How I Finally Found My Sports Team

When I was in fourth and fifth grade, there were two questions that year that could make or break friendships and divide a classroom into a war of insults.

The first was “Backstreet boys or N’sync?” It was a very big deal which of the two bands you liked at the time, at least among my friends.

But the most important question at the time is one that I’ve noticed still affects adults as much as it affected my fourth-and-fifth-grade friends.

Any newcomer to the classroom was asked this all-important question on arrival and was then both welcomed to one side, and booed by the other side.

“Packers or Vikings?”

I’ve never actually been that much of a football fan. I can watch a good homecoming game, and enjoy that, but I’ve just always preferred soccer.

I didn’t grow up in a house where anyone really watched sports of any kind on TV, outside of the Olympics, so I just never got into football (apart from good old homecoming).

I had never heard of either team until one day, a friend asked me if I liked the Vikings or the Packers.

I didn’t even know what she was talking about.
When she explained, I told her I didn’t really follow football.
That was only the first time I’d been asked that question. I’ve heard it many times since. If you live in the area, chances are you’ve heard it too. And chances are, you have a definite opinion.

The divide between Packers and Vikings fans was deep back then. I remember loud arguments between a fairly evenly-split class. For a classroom celebration once, we had a cake that was split between half Vikings and half-Packers decorations.
But at the end of the day, regardless of football team affiliation, we all worked together on group projects, played together at recess, and had fun.

The arguments between the two groups were fun too. It was a merry competition.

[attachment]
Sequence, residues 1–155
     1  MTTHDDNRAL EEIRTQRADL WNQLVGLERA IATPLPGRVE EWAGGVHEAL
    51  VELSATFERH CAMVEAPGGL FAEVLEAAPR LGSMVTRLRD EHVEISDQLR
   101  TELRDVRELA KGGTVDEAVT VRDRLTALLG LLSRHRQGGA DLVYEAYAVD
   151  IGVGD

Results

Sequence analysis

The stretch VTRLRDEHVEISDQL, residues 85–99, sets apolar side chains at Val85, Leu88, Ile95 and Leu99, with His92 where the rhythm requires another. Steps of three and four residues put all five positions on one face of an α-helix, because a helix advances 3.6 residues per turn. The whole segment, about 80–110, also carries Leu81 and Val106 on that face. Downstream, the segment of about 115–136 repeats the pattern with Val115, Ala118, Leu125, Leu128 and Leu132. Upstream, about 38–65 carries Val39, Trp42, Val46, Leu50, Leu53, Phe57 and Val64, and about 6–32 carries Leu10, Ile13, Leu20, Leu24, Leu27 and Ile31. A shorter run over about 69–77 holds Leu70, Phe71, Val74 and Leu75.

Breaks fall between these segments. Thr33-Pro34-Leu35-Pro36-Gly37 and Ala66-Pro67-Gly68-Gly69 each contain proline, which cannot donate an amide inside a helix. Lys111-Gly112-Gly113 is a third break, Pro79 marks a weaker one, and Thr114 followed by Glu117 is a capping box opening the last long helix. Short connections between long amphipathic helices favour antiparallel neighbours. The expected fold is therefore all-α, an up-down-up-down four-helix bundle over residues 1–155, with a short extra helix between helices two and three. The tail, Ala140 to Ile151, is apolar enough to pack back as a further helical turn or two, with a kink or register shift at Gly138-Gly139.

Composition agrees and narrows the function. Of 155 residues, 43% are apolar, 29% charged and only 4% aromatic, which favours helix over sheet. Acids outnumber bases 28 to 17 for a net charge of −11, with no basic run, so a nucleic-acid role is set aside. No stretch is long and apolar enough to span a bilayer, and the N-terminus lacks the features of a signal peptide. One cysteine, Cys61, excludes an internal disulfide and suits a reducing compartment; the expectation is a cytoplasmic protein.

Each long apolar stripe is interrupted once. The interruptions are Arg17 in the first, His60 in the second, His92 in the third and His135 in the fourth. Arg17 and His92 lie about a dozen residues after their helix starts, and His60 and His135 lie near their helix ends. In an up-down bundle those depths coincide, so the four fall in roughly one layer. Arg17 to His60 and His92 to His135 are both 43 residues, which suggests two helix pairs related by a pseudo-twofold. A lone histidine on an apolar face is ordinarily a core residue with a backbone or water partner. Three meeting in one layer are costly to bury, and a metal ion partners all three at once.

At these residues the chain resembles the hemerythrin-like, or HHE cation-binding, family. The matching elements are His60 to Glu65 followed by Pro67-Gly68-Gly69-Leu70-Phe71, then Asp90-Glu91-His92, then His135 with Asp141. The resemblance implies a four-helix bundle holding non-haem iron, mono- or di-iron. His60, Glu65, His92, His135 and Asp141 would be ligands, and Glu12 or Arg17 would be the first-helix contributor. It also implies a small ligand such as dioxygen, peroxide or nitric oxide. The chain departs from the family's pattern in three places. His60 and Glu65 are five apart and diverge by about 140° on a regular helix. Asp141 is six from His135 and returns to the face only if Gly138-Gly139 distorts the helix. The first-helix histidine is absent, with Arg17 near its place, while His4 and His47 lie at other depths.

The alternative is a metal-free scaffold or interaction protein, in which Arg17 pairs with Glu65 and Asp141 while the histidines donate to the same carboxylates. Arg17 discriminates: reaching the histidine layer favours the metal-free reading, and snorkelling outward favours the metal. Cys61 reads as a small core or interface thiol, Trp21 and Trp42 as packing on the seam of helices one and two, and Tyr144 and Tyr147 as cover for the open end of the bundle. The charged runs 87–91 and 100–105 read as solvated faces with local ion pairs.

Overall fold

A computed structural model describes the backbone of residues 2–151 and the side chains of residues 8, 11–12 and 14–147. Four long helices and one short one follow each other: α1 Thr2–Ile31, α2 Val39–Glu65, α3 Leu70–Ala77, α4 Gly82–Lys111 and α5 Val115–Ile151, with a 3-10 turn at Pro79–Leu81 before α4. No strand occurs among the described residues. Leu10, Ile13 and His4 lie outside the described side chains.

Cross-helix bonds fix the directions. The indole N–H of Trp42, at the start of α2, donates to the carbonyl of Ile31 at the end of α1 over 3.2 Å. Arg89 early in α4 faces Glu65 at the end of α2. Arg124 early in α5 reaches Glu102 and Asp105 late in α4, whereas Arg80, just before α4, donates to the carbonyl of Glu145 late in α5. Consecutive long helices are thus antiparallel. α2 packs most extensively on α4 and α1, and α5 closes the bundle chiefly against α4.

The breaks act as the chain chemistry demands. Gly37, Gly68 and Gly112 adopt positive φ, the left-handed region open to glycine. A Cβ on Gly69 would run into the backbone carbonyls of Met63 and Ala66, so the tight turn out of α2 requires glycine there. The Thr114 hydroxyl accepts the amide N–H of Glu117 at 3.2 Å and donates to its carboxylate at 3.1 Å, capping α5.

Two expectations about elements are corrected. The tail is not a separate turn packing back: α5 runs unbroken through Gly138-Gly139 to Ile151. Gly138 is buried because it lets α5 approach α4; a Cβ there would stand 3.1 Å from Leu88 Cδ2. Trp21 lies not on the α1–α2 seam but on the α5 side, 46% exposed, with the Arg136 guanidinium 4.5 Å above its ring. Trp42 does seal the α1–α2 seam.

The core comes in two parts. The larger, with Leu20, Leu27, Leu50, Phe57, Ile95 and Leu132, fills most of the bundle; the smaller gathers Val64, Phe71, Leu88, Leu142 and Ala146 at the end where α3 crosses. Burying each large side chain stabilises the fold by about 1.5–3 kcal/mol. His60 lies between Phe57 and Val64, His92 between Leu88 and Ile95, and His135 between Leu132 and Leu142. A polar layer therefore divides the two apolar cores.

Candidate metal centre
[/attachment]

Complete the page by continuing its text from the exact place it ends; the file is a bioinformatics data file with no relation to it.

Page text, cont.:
I always felt a bit left out, back then, because I wasn’t a football fan.

Nor did I really watch any other sports, so any time conversation turned to sports, I was left out. I had nothing to contribute.

I tried to watch football. I’ve had friends invite me to parties to watch football games. I’ve tried to watch other sports, and though they’ve all been nice, I just haven’t gotten into them.

I went to a couple of baseball games, and they were fun, but I never started following baseball.

I attended a few football-watching parties with friends. The parties themselves were still very enjoyable. I had fun hanging with my friends, but I felt a little sorry that I had nothing to contribute to any conversation about the game that was playing on TV. My only relevant conversation was questions about some of the finer points of the game, if a call I didn’t understand was made.

In our society’s sports-driven culture, it is not easy not to be a fan of any sport. So I tried to find one I could watch.

Football, as I said, did not work for me. Tennis, and golf did not work for me. Skiing, figure skating, speed skating, wrestling, did not work for me. I just could not find a sport that I really, truly enjoyed sitting and watching.

Until last year, when I happened across a FIFA Women’s World Cup game on TV.

I found myself watching the game. I used to play Park and Rec. soccer as kid, and loved it. I understood the game, I was seriously impressed with the Women’s National Team’s skills. I found myself caring about what happened in the game.

I found myself watching, waiting through commercials, to see the end of the game.

I watched the rest of that game, despite having to stand with one hand on the bunny ears to make the TV reception come in correctly.

I was actually excited about a sport I was watching on TV.
I finally understood what my friends experienced watching the Packers or Vikings. I finally got it.

So now, at long last, when a new friend asks me that all-important question, I have an answer for them. It’s not one they’re expecting, but it’s one I like.

“Packers or Vikings?”

“U.S. Women’s Soccer Team.”

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